WHO recommendation on intermittent preventive treatment of malaria in pregnancy

WHO recommendation on intermittent preventive treatment of malaria in pregnancy



In malaria-endemic areas in Africa, intermittent preventive treatment with sulfadoxine-pyrimethamine (IPTp-SP) is recommended for all pregnant women. Dosing should start in the second trimester, and doses should be given at least one month apart, with the objective of ensuring that at least three doses are received.

(Context-specific recommendation)


Publication history

First published: December 2016

Updated: No update planned

Assessed as up-to-date: December 2016



  • This recommendation has been integrated from the WHO Guidelines for the treatment of malaria (2015), where it is considered to be a strong recommendation based on high-quality evidence (1).
  • Malaria infection during pregnancy is a major public health problem, with substantial risks for the mother, her fetus and the newborn. WHO recommends a package of interventions for preventing and controlling malaria during pregnancy, which includes promotion and use of insecticide-treated nets, appropriate case management with prompt, effective treatment, and, in areas with moderate to high transmission of Plasmodium falciparum, administration of IPTp-SP (1).
  • The high-quality evidence supporting this recommendation was derived from a systematic review of seven RCTs conducted in malaria-endemic countries, which shows that three or more doses of sulfadoxine-pyrimethamine (SP) is associated with reduced maternal parasitaemia, fewer low-birthweight infants and increased mean birth weight compared with two doses only (2).
  • The malaria GDG noted that most evidence was derived from women in their first and second pregnancies; however, the limited evidence on IPTp-SP from women in their third and subsequent pregnancies was consistent with benefit (1).
  • To ensure that pregnant women in endemic areas start IPTp-SP as early as possible in the second trimester, policy-makers should ensure health system contact with women at 13 weeks of gestation. Policy-makers could also consider supplying women with their first SP dose at the first ANC visit with instructions about the date (corresponding to 13 weeks of gestation) on which the medicine should be taken.
  • SP acts by interfering with folic acid synthesis in the malaria parasite, thereby inhibiting its life-cycle. There is some evidence that high doses of supplemented folic acid (i.e. 5 mg daily or more) may interfere with the efficacy of SP in pregnancy (3). Countries should ensure that they procure and distribute folic acid supplements for antenatal use at the recommended antenatal dosage (i.e. 0.4 mg daily).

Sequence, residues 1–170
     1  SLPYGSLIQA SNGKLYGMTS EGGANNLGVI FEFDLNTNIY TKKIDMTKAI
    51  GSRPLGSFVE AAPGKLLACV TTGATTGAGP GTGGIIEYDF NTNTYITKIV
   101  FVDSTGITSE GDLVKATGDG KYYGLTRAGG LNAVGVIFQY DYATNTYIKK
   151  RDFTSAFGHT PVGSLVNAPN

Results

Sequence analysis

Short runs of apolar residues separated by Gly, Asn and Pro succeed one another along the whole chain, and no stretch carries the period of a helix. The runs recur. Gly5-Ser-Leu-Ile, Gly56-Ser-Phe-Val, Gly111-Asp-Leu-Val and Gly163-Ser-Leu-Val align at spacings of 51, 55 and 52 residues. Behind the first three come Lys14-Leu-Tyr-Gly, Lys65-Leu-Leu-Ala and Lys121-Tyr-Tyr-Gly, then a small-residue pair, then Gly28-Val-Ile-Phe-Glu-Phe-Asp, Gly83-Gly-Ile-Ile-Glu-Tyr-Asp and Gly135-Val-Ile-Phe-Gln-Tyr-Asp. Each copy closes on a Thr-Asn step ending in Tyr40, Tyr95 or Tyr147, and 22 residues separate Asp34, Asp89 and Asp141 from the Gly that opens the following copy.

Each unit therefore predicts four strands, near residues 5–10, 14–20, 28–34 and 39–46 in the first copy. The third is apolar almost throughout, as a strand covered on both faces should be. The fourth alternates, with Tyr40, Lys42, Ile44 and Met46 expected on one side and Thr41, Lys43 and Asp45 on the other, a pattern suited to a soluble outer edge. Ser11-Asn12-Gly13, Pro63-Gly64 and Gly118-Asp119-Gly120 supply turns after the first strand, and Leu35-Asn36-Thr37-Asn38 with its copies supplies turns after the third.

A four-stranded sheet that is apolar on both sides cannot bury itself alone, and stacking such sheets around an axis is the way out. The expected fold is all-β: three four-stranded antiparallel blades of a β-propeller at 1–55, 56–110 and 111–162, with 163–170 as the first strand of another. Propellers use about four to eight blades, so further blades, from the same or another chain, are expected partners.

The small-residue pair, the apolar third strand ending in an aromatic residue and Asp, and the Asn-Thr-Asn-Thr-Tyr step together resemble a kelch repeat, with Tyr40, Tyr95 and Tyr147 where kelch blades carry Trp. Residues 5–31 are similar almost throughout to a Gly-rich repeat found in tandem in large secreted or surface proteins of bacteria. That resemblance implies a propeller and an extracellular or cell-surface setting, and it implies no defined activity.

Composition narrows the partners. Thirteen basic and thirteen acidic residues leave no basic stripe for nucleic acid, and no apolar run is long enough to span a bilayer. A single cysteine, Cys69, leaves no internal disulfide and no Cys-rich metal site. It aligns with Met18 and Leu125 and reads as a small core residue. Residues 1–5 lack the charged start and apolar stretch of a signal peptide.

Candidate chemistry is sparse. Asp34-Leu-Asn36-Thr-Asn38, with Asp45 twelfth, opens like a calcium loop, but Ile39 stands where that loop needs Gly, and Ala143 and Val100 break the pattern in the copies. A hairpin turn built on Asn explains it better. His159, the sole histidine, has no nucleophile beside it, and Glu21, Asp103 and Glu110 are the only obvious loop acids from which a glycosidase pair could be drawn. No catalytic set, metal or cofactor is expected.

• The malaria GDG noted that there is insufficient evidence on the safety, efficacy and pharmacokinetics of most antimalarial agents in pregnancy, particularly during the first trimester (1).
  • Detailed evidence and guidance related to the recommendation can be found in the 2015 guidelines (1), available at: http://www.who.int/malaria/publications/atoz/9789241549127/en/



In 2016, 91 countries reported a total of 216 million cases of malaria, an increase of 5 million cases over the previous year. The global tally of malaria deaths reached 445 000 deaths, about the same number reported in 2015. Although malaria case incidence has fallen globally since 2010, the rate of decline has stalled and even reversed in some regions since 2014. Mortality rates have followed a similar pattern. The WHO African Region continues to account for about 90% of malaria cases and deaths worldwide. Fifteen countries – all but one in sub-Saharan Africa – carry 80% of the global malaria burden. Clearly, if we are to get the global malaria response back on track, supporting the most heavily affected countries in this region must be our primary focus. (4)



The ANC recommendations are intended to inform the development of relevant health-care policies and clinical protocols. These recommendations were developed in accordance with the methods described in the WHO handbook for guideline development (5). In summary, the process included: identification of priority questions and outcomes, retrieval of evidence, assessment and synthesis of the evidence, formulation of recommendations, and planning for the implementation, dissemination, impact evaluation and updating of the guideline.

The quality of the scientific evidence underpinning the recommendations was graded using the Grading of Recommendations Assessment, Development and Evaluation (GRADE) (6) and Confidence in the Evidence from Reviews of Qualitative research (GRADE-CERQual) (7) approaches, for quantitative and qualitative evidence, respectively. Up-to-date systematic reviews were used to prepare evidence profiles for priority questions. The DECIDE (Developing and Evaluating Communication Strategies to support Informed Decisions and Practice based on Evidence) (8) framework, an evidence-to-decision tool that includes intervention effects, values, resources, equity, acceptability and feasibility criteria, was used to guide the formulation and approval of recommendations by the Guideline Development Group (GDG) – an international group of experts assembled for the purpose of developing this guideline – at three Technical Consultations between October 2015 and March 2016.